More than a dozen years after they promised to more thoroughly investigate the problem, government regulators and Monsanto Co. are joining in a proposed plan to clean up dioxin contamination from the sediment in a 14-mile stretch of the Kanawha River west of Charleston.
The U.S. Environmental Protection Agency revealed late last week that the parties all prefer an alternative that would install stone caps over certain contaminated spots in the river sediment, rather than conducting a broader and more expensive dredging project to remove material contaminated with toxic dioxin pollution from Monsanto’s former chemical plant in Nitro and from the company’s waste dumps in the area.
The EPA published a short public notice about the proposal in the Gazette-Mail Thursday, and it made available a nearly 1,500-page report that describes the study of the contamination and the consideration of various alternatives for cleaning it up.
“This was done over several years and much, much discussion,” said Joseph Gabriel, environmental remediation manager for Monsanto. “All of the options were evaluated, and the overall opinion was this was the best alternative.”
Jake McDougal, a program manager with the Department of Environmental Protection Office of Environmental Remediation, said Friday that the proposal is “a consensus agreement” between federal and state officials and Monsanto.
The cleanup — covering an area of the Kanawha to the Winfield Lock and Dam — would address toxic contamination of the river that dates back many decades, to when Monsanto began in the late 1940s to make a powerful herbicide ingredient called 2,4,5-T.
In its best-known use, the federal government bought 2,4,5-T to make Agent Orange, the defoliant deployed widely in the Vietnam War. Monsanto’s 2,4,5-T was contaminated with a highly toxic dioxin compound known as 2,3,7,8-TCDD.
Dioxin has been linked to cancer, birth defects, learning disabilities, endometriosis, infertility and suppressed immune functions. The chemical builds up in tissue over time, meaning that even small exposures can accumulate to dangerous levels.
For years, Monsanto disposed of wastes containing dioxin in dumps at Heizer and Manila creeks, north of the company’s Nitro plant. A class-action lawsuit, later settled, also alleged that Monsanto’s operations had sent dioxin-contaminated dust over the area, contaminating homes and businesses.
Repeatedly, Monsanto entered into agreements with the EPA to clean up at least some of its dioxin contamination, but the river remains contaminated to the point that anglers are warned against eating fish from that part of the Kanawha.
Then-DEP Secretary Stephanie Timmermeyer said at the time that the assessment of the contamination was “a positive step toward addressing ... a problem that has persisted far too long.”
The new cleanup report, prepared by a contractor hired by Monsanto, says that the effort aims to address cancer risks that “exceed the target range” for anglers who eat contaminated fish.
In a “streamlined risk evaluation,” the report says that, while fish consumption advisories are in place, “it is unknown” whether those advisories “reflect local consumption patterns,” making the “resultant risk estimates” unclear.
The report said that current risks to wildlife from the contamination were “likely acceptable, or at worst, slight,” and that while there “was some uncertainty,” the proposed cleanup would address the issue.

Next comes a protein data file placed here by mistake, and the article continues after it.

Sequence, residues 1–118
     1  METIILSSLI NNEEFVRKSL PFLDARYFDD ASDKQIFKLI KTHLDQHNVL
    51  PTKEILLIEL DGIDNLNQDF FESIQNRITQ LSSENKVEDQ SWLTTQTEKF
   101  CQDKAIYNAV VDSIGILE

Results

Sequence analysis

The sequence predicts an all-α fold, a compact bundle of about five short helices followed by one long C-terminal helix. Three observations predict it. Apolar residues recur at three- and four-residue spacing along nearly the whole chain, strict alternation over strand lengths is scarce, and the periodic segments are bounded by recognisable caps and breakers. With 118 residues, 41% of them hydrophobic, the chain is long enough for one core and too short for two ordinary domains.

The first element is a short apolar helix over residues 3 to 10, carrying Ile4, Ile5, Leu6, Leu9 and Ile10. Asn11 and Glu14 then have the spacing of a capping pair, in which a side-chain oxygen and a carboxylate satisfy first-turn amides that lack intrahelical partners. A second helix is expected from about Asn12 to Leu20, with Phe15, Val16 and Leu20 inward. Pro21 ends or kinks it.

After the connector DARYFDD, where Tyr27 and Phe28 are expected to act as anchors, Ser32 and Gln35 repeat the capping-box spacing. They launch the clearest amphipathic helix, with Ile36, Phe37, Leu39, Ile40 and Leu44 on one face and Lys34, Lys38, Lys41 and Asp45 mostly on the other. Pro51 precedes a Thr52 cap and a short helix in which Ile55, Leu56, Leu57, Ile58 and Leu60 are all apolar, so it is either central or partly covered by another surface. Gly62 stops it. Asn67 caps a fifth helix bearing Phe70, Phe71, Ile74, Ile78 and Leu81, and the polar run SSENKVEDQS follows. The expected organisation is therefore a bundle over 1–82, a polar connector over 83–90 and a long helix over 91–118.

“The most significant human health risks are associated with fish consumption from the river,” the report says. “A reduction in fish tissue concentrations of approximately 60 percent would reduce all risks to within U.S. EPA acceptable ranges for cancer and non-cancer risks.”
Under the alternative proposed in the report, stone caps would be placed on a more than 9-acre area adjacent and immediately downstream of the former Monsanto plant. The report says that the cap placement is entirely outside of the navigational channel for the Kanawha, either horizontally or below the depth of the navigation within the channel.
“Capping of the area of elevated 2,3,7,8-TCDD concentrations in the area adjacent to the former facility would provide an immediate and permanent reduction in the mobility of underlying impacted sediments,” the report says.
The capping project would cost an estimated $8 million, according to the report.
Other alternatives examined included two different proposals for dredging to remove contaminated materials from the river. One of the dredging proposals was estimated to cost $26 million and the other $41 million, the report said. Dredging could result in short-term risk increases — as material is churned up in the river — but dredging “accelerates long-term recovery,” the report said.
The report said the capping proposal would “have a faster anticipated recovery trend than the dredging alternatives” because it would not “result in sediment suspension.” Also, the dredging would still leave some “residuals” that would require capping of some or all of the dredged areas, the report said.
The EPA public notice indicated that the agency is accepting public comments on its cleanup proposal through Sept. 24. A hard copy of the cleanup report is available at the Cross Lanes Library, and comments may be sent via email to EPA’s Melissa Linden at firstname.lastname@example.org or to U.S. EPA Region 3, 1650 Arch St., Mailcode 3HS32, Philadelphia, PA 19103.
No public hearings or public meetings have been scheduled on the proposal, but EPA officials said they would consider having such an event.
“It’s always a possibility if it’s requested,” Linden said. “We want to address people’s concerns and comments.”
Reach Ken Ward Jr. at
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